Professional Conduct and Anti-Harassment Policy. Her discharge was
reduced to a time-served suspension.
Defendant’s Motion for Summary Judgment
Pursuant to Rule 56, a court shall grant a motion for summary
judgment if the moving party demonstrates “that there is no genuine
dispute as to any material fact and the movant is entitled to
judgment as a matter of law.” See Fed.R.Civ.P. 56(a).
can defeat a motion for summary judgment by “com[ing] forward with
evidence to allow a reasonable jury to find in his favor” on each
of the elements of his prima facie case.
Inc., 270 F.3d 94, 101 (2d Cir. 2001);
See Lizardo v. Denny’s,
Celotex Corp. v. Catrett,
477 U.S. 317, 325-27 (1986). The court must draw all factual
inferences, and view the factual assertions in materials such as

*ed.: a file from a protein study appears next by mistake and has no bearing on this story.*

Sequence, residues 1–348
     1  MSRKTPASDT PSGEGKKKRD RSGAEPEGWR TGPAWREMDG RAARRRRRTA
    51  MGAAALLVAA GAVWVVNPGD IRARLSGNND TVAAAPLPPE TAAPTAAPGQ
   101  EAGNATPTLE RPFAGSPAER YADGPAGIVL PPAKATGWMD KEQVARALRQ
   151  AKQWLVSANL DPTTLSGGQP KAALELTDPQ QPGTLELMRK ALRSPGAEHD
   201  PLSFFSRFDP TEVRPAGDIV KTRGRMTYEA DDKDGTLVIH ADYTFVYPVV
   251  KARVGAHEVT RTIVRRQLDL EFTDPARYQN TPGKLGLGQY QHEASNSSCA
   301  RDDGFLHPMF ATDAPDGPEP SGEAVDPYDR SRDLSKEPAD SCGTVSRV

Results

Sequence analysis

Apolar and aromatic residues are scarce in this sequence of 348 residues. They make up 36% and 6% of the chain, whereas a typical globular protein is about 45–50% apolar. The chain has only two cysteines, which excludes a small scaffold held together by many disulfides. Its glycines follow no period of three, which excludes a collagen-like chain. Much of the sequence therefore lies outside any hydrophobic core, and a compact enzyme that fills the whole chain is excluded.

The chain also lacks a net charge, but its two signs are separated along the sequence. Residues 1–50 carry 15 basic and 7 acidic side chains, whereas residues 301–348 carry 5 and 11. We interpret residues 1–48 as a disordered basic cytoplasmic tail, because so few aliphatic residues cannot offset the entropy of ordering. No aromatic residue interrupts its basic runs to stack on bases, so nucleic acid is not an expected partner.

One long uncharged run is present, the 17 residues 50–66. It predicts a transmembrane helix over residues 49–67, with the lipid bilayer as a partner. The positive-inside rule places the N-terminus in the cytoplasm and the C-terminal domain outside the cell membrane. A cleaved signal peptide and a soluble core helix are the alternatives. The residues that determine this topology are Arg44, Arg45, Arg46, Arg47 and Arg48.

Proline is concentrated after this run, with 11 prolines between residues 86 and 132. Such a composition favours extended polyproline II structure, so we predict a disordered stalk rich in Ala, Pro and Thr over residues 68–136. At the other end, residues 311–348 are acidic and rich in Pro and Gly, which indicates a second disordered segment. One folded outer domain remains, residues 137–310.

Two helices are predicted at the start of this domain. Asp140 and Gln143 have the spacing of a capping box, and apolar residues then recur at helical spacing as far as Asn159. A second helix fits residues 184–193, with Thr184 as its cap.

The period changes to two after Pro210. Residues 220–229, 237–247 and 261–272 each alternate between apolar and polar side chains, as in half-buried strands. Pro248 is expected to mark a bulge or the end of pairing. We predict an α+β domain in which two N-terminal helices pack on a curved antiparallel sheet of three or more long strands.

affidavits, exhibits, and depositions in the light most favorable
to the nonmoving party. See Anderson v. Liberty Lobby, Inc., 477
U.S. 242, 255 (1986);
Celotex Corp., 477 U.S. at 322.
nonmovant benefits from such factual inferences “only if there is
a ‘genuine’ dispute as to those facts.”
See Scott v. Harris, 550
U.S. 372 (2007).
Plaintiff has not Established a Prima Facie Case of
Discrimination under Title VII, the NYSHRL, and/or Section
Claims of employment discrimination brought under Title VII
are analyzed under the burden-shifting framework set forth in
McDonnell Douglas Corp. v. Green, 411 U.S. 792 (1973);
Plaintiff’s claims under Title VII, the NYSHRL and Section 1981 are
all analyzed under the same burden-shifting standards. See Schiano